Results of the 2004 Knowledge and Opinions Surveys for the Baseline Knowledge Assessment of the U.S. Department of Energy Hydrogen Program

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The U.S. Department of Energy (DOE) Hydrogen Program focuses on overcoming critical barriers to the widespread use of hydrogen fuel cell technology. The transition to a new, hydrogen-based energy economy requires an educated human infrastructure. With this in mind, the DOE Hydrogen Program conducted statistical surveys to measure and establish baselines for understanding and awareness about hydrogen, fuel cells, and a hydrogen economy. The baseline data will serve as a reference in designing an education program, and it will be used in comparisons with future survey results (2008 and 2011) to measure changes in understanding and awareness. Scientific sampling was ... continued below

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Schmoyer, Richard L; Truett, Lorena Faith & Cooper, Christy April 1, 2006.

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The U.S. Department of Energy (DOE) Hydrogen Program focuses on overcoming critical barriers to the widespread use of hydrogen fuel cell technology. The transition to a new, hydrogen-based energy economy requires an educated human infrastructure. With this in mind, the DOE Hydrogen Program conducted statistical surveys to measure and establish baselines for understanding and awareness about hydrogen, fuel cells, and a hydrogen economy. The baseline data will serve as a reference in designing an education program, and it will be used in comparisons with future survey results (2008 and 2011) to measure changes in understanding and awareness. Scientific sampling was used to survey four populations: (1) the general public, ages 18 and over; (2) students, ages 12-17; (3) state and local government officials; and (4) potential large-scale hydrogen users. It was decided that the survey design should include about 1,000 individuals in each of the general public and student categories, about 250 state and local officials, and almost 100 large-scale end users. The survey questions were designed to accomplish specific objectives. Technical questions measured technical understanding and awareness of hydrogen technology. Opinion questions measured attitudes about safety, cost, the environment, and convenience, as well as the likelihood of future applications of hydrogen technology. For most of the questions, "I don't know" or "I have no opinion" were acceptable answers. Questions about information sources assessed how energy technology information is received. The General Public and Student Survey samples were selected by random digit dialing. Potential large-scale end users were selected by random sampling. The State and Local Government Survey was of the entire targeted population of government officials (not a random sample). All four surveys were administered by computer-assisted telephone interviewing (CATI). For each population, the length of the survey was less than 15 minutes. Design of an education program is beyond the scope of the report, and comparisons of the baseline data with future results will not be made until the survey is fielded again. Nevertheless, a few observations about the data are salient: For every population group, average scores on the technical knowledge questions were lower for the fuel cell questions than for the other technical questions. State and local officials expressed more confidence in hydrogen safety than large-scale end users, and they were much more confident than either the general public or students. State and local officials also scored much higher on the technical questions. Technical understanding appears to influence opinions about safety. For the General Public, Student, and Large-Scale End User Surveys, respondents with above-average scores on the eleven technical questions were more likely to have an opinion about hydrogen technology safety, and for those respondents who expressed an opinion, their opinion was more likely to be positive. These differences were statistically significant. Using criteria of "Sometimes" or "Frequently" to describe usage, respondents rated media sources for obtaining energy information. The general public and students responded that television is the primary media source of energy information. State and local officials and large-scale end users indicated that their primary media sources are newspapers, the Internet, and science and technology journals. In order of importance, the general public values safety, cost, environment, and convenience. The Large-Scale End User Survey suggests that there is presently little penetration of hydrogen technology; nor is there much planning for it.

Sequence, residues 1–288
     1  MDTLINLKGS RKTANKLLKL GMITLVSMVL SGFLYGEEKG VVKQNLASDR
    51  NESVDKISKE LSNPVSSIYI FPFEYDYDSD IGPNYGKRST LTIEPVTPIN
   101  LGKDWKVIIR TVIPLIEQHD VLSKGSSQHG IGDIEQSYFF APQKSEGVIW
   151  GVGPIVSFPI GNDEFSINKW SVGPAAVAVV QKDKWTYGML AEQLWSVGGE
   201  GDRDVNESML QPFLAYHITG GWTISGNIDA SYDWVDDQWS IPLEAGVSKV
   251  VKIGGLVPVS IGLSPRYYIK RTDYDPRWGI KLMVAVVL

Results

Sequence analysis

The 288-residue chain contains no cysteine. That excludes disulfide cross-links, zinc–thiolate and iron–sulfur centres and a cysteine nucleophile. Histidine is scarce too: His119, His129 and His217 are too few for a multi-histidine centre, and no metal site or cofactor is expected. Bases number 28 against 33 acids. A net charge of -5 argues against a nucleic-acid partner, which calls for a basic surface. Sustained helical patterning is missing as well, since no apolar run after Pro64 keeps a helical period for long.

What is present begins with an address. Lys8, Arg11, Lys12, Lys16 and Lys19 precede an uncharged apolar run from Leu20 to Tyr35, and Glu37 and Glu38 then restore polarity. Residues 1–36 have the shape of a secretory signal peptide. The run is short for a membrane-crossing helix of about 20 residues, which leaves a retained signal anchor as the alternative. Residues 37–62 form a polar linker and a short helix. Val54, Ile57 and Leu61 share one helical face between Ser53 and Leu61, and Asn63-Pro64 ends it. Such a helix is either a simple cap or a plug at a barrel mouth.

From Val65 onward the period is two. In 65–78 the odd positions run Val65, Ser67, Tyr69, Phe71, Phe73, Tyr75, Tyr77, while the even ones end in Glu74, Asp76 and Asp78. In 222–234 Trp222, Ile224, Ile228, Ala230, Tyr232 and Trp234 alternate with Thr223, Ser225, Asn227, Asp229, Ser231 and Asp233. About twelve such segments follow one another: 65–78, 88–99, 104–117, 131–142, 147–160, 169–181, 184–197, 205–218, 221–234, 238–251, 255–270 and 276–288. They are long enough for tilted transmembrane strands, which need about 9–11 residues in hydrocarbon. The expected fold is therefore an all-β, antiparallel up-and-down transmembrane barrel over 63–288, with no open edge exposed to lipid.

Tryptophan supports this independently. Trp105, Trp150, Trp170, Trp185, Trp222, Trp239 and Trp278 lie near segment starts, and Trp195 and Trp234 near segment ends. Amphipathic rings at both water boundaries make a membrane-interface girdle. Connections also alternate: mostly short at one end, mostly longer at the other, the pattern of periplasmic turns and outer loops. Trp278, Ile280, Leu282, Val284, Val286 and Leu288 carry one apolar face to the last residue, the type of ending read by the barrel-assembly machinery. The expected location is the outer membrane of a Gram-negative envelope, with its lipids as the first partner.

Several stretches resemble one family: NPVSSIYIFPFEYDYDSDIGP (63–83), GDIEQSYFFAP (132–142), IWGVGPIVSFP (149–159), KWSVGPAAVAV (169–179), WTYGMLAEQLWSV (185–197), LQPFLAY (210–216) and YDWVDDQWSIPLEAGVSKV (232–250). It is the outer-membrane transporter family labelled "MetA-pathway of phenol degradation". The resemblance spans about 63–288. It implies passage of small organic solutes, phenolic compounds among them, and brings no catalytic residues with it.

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  • Report No.: ORNL/TM-2006/417
  • Grant Number: DE-AC05-00OR22725
  • DOI: 10.2172/930734 | External Link
  • Office of Scientific & Technical Information Report Number: 930734
  • Archival Resource Key: ark:/67531/metadc901204

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Office of Scientific & Technical Information Technical Reports

Reports, articles and other documents harvested from the Office of Scientific and Technical Information.

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  • April 1, 2006

Added to The UNT Digital Library

  • Sept. 27, 2016, 1:39 a.m.

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  • Oct. 31, 2016, 4:37 p.m.

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Schmoyer, Richard L; Truett, Lorena Faith & Cooper, Christy. Results of the 2004 Knowledge and Opinions Surveys for the Baseline Knowledge Assessment of the U.S. Department of Energy Hydrogen Program, report, April 1, 2006; [Tennessee]. (digital.library.unt.edu/ark:/67531/metadc901204/: accessed October 21, 2018), University of North Texas Libraries, Digital Library, digital.library.unt.edu; crediting UNT Libraries Government Documents Department.